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Chapter 40. Profiling kernel activity with SystemTap

The following sections showcase scripts that profile kernel activity by monitoring function calls.

40.1. Counting function calls with SystemTap

You can use the functioncallcount.stp SystemTap script to count specific kernel function calls. You can also use this script to target multiple kernel functions.

Prerequisites

Procedure

  • Run the functioncallcount.stp script:

    # stap --example functioncallcount.stp 'argument'

    This script takes the targeted kernel function as an argument. You can use the argument wildcards to target multiple kernel functions up to a certain extent.

    The output of the script, in alphabetical order, contains the names of the functions called and how many times it was called during the sample time.

    Consider the following example:

    # stap -w -v --example functioncallcount.stp "*@mm*.c" -c /bin/true

    where:

  • -w : Suppresses warnings.
  • -v : Makes the output of starting kernel visible.
  • -c command : Tells SystemTap to count function calls during the execution of a command, in this example being /bin/true.

    The output should look similar to the following:

    [...]
    __vma_link 97
    __vma_link_file 66
    __vma_link_list 97
    __vma_link_rb 97
    __xchg 103
    add_page_to_active_list 102
    add_page_to_inactive_list 19
    add_to_page_cache 19
    add_to_page_cache_lru 7
    all_vm_events 6
    alloc_pages_node 4630
    alloc_slabmgmt 67
    anon_vma_alloc 62
    anon_vma_free 62
    anon_vma_lock 66
    anon_vma_prepare 98
    anon_vma_unlink 97
    anon_vma_unlock 66
    arch_get_unmapped_area_topdown 94
    arch_get_unmapped_exec_area 3
    arch_unmap_area_topdown 97
    atomic_add 2
    atomic_add_negative 97
    atomic_dec_and_test 5153
    atomic_inc 470
    atomic_inc_and_test 1
    [...]

40.2. Tracing function calls with SystemTap

You can use the para-callgraph.stp SystemTap script to trace function calls and function returns.

Prerequisites

Procedure

  • Run the para-callgraph.stp script.
# stap --example para-callgraph.stp 'argument1' 'argument2'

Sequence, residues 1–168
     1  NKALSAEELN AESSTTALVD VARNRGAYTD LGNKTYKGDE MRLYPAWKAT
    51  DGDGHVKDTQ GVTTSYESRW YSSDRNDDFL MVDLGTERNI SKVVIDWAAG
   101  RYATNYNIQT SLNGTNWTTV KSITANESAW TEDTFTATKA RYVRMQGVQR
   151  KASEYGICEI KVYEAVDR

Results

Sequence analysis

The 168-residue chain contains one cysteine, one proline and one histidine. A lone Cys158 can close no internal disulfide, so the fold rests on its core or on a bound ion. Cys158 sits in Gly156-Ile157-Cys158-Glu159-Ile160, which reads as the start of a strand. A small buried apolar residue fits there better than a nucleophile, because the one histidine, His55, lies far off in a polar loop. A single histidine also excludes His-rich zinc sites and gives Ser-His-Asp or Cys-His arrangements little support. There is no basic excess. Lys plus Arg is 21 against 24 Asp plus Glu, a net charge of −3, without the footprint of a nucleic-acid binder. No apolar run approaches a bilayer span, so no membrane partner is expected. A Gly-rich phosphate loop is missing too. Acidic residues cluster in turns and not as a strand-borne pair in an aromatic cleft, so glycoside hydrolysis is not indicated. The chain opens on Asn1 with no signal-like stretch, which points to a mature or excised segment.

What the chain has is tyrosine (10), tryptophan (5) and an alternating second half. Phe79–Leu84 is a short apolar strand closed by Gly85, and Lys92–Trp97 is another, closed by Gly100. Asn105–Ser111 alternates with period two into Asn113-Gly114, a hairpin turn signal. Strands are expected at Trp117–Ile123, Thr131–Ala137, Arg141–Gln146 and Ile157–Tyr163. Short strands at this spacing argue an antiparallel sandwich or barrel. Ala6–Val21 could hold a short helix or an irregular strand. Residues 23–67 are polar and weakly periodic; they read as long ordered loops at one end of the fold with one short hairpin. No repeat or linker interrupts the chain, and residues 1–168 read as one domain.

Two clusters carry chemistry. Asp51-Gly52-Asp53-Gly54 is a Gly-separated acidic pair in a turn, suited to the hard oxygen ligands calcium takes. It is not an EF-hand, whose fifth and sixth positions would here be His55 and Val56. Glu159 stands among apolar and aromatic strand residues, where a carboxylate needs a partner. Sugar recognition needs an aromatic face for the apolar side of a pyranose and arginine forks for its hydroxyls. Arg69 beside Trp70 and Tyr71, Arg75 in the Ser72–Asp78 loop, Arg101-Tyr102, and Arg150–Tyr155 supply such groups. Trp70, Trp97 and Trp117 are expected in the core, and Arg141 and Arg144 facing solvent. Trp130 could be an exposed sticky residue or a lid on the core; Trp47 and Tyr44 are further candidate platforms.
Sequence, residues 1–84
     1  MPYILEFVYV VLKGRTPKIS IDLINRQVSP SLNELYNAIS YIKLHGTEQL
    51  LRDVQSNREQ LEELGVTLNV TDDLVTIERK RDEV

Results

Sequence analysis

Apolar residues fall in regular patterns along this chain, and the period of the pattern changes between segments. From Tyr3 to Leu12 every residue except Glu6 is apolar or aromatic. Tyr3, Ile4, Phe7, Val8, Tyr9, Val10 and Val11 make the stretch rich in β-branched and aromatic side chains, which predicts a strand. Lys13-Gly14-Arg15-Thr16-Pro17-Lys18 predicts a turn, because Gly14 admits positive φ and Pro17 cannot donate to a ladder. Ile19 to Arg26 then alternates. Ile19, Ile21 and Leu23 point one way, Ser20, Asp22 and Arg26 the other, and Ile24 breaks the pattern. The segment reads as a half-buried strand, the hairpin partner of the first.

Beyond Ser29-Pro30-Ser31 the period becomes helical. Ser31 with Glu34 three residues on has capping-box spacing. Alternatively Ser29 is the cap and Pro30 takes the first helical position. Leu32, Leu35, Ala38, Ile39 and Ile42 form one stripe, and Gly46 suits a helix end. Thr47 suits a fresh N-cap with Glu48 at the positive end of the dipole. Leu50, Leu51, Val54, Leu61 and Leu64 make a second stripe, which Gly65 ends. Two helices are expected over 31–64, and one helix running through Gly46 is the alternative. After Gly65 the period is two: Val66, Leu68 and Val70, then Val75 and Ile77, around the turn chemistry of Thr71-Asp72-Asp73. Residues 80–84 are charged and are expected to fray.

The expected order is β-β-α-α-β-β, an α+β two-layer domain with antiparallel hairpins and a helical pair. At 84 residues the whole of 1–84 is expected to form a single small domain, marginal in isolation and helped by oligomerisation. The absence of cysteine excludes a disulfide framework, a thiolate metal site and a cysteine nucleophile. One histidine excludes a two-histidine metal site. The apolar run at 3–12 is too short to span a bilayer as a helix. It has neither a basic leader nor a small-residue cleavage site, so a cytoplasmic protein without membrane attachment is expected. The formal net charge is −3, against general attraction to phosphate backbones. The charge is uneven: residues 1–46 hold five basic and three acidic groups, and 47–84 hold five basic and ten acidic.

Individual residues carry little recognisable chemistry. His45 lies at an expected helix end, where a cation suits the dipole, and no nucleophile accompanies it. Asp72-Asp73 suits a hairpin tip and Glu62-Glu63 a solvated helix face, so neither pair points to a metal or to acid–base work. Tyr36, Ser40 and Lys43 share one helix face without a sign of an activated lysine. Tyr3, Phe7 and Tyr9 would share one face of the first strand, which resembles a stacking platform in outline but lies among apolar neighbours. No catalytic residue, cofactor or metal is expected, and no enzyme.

The script para-callgraph.stp takes two command-line arguments:

  1. The name of the function(s) whose entry/exit you’d like to trace.
  2. An optional trigger function, which enables or disables tracing on a per-thread basis. Tracing in each thread will continue as long as the trigger function has not exited yet.

Consider the following example:

# stap -wv --example para-callgraph.stp 'kernel.function("*@fs/proc.c*")' 'kernel.function("vfs_read")' -c "cat /proc/sys/vm/* || true"

where:

  • -w : Suppresses warnings.
  • -v : Makes the output of starting kernel visible.
  • -c command : Tells SystemTap to count function calls during the execution of a command, in this example being /bin/true.

The output should look similar to the following:

[...]
   267 gnome-terminal(2921): <-do_sync_read return=0xfffffffffffffff5
   269 gnome-terminal(2921):<-vfs_read return=0xfffffffffffffff5
     0 gnome-terminal(2921):->fput file=0xffff880111eebbc0
     2 gnome-terminal(2921):<-fput
     0 gnome-terminal(2921):->fget_light fd=0x3 fput_needed=0xffff88010544df54
     3 gnome-terminal(2921):<-fget_light return=0xffff8801116ce980
     0 gnome-terminal(2921):->vfs_read file=0xffff8801116ce980 buf=0xc86504 count=0x1000 pos=0xffff88010544df48
     4 gnome-terminal(2921): ->rw_verify_area read_write=0x0 file=0xffff8801116ce980 ppos=0xffff88010544df48 count=0x1000
     7 gnome-terminal(2921): <-rw_verify_area return=0x1000
    12 gnome-terminal(2921): ->do_sync_read filp=0xffff8801116ce980 buf=0xc86504 len=0x1000 ppos=0xffff88010544df48
    15 gnome-terminal(2921): <-do_sync_read return=0xfffffffffffffff5
    18 gnome-terminal(2921):<-vfs_read return=0xfffffffffffffff5
     0 gnome-terminal(2921):->fput file=0xffff8801116ce980

40.3. Determining time spent in kernel and user space with SystemTap

You can use the thread-times.stp SystemTap script to determine the amount of time any given thread is spending in either the kernel or user-space.

Prerequisites

Procedure

  • Run the thread-times.stp script:

    # stap --example thread-times.stp

    This script will display the top 20 processes taking up CPU time during a 5-second period, along with the total number of CPU ticks made during the sample. The output of this script also notes the percentage of CPU time each process used, as well as whether that time was spent in kernel space or user space.